Watch the planets come together
Mercury has been shining brightly in the southeast before dawn since late November. The Sun rises a little after 7:00 a.m. local time, and you can easily find Mercury an hour before that. Thirty minutes before sunrise, Mercury has climbed to an altitude of about 10° – the width of your closed fist held at arm’s length. We’re now seeing the tail end of Mercury’s best morning appearance of 2006. You won’t get many better chances to see the innermost planet.
By December 7, blazing Jupiter should be easy to spot below Mercury, as long as you have a clear view toward the southeastern horizon. Jupiter shines noticeably brighter than Mercury, and becomes more conspicuous as it climbs higher each day. If you look carefully, you should see an orange dot between the two bright planets. Mars doesn’t shine as brightly as the others, and its color tends to blend in with the twilight glow.
Jupiter and Mars spend the rest of the week climbing toward Mercury. On the 9th, the three planets form a neat triangle in the growing twilight. Closest approach comes on the 10th, when Mercury and Jupiter come within half the Moon’s diameter of each other. Mars then lies just 1° to the pair’s right. Astronomy‘s mission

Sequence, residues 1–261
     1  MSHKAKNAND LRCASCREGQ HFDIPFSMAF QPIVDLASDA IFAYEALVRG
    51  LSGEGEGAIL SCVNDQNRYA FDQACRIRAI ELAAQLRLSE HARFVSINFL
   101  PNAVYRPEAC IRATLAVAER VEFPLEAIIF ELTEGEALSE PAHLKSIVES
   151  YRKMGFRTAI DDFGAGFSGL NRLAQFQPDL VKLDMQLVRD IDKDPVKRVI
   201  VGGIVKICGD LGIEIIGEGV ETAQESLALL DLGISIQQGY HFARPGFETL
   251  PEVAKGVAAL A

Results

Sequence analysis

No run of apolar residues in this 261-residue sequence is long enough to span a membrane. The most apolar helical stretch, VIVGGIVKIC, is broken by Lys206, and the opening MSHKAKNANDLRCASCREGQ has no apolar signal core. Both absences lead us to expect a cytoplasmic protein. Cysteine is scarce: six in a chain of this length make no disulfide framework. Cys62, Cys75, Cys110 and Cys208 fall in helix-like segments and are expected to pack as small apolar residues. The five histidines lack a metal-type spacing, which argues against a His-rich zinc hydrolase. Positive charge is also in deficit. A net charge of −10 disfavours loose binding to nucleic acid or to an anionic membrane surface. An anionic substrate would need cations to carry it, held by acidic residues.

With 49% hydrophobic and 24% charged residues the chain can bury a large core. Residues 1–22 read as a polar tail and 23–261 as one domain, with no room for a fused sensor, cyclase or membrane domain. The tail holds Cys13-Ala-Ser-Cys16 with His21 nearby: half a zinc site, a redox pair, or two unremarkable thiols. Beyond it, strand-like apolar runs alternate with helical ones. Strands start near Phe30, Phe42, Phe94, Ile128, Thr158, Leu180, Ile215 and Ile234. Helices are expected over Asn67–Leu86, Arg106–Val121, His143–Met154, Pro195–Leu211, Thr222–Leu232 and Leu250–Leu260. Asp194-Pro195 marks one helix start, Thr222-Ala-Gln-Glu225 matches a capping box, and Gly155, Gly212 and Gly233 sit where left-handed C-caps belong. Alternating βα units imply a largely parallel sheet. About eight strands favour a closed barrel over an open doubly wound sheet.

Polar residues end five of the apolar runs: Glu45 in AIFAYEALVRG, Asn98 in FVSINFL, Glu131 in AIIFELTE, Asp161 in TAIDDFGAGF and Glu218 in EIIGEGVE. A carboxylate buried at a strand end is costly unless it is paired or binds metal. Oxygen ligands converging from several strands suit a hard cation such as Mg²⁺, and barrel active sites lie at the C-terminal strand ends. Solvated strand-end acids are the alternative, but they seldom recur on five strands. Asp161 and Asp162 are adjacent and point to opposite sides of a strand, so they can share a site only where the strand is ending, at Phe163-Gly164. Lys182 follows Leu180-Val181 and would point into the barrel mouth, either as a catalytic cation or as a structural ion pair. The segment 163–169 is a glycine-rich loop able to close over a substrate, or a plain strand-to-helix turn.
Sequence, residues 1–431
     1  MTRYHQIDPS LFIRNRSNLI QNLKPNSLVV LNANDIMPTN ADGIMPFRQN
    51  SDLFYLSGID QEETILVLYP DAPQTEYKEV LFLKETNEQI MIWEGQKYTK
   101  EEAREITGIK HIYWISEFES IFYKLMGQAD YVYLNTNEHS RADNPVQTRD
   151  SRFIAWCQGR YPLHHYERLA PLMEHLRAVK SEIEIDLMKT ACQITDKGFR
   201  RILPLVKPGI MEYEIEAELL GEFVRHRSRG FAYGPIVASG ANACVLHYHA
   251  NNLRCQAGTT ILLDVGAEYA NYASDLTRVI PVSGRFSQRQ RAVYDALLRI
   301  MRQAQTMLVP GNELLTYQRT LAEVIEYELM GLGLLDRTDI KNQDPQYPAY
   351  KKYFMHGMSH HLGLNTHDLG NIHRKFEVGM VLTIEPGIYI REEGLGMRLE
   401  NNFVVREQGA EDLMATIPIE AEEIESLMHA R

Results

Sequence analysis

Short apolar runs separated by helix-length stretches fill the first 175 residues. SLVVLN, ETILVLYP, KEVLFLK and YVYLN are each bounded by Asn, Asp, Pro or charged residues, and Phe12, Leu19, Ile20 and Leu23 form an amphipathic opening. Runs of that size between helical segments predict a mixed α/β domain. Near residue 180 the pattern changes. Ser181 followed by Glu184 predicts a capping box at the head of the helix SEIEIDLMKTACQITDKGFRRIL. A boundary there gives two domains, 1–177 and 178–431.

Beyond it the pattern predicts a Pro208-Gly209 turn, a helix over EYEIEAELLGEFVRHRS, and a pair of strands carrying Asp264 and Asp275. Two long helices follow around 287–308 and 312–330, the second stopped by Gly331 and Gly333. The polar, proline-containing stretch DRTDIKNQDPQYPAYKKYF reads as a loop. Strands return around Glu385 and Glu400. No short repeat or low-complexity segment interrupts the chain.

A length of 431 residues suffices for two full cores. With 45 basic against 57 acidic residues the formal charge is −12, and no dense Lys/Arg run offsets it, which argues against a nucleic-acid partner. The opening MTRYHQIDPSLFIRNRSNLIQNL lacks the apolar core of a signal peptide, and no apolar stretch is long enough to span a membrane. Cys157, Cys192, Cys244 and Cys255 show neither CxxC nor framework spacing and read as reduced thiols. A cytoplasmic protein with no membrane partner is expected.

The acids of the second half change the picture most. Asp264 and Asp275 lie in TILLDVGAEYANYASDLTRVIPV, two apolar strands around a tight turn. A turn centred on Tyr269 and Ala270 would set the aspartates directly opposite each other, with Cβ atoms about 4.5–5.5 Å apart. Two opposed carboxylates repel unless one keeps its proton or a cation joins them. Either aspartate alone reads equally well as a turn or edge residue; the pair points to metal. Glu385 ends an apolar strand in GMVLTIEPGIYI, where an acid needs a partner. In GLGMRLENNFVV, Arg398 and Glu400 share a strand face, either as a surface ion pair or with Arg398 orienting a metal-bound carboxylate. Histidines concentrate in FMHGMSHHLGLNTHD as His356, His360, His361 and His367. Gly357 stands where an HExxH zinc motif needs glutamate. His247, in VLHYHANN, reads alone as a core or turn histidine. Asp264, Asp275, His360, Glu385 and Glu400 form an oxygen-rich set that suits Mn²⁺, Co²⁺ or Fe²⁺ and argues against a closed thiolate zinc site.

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Decembet 7, 2006
WAUKESHA, WI &mdash For the only time in the next 47 years, three planets will huddle together in the predawn sky December 10. That morning, Mercury, Mars, and Jupiter will be closer than any three naked-eye planets will be until 2053.
This event, known as a conjunction, will be visible low in the southeast sky to the unaided eye, but binoculars will afford the best view. The three planets approach within 1° – or 2 Full Moon-widths – of each other. The illustration that accompanies this release shows what observers can expect to see.
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Astronomy magazine editors are available to discuss this event. To request an interview, please contact Matt Quandt at 262.798.6484 or firstname.lastname@example.org.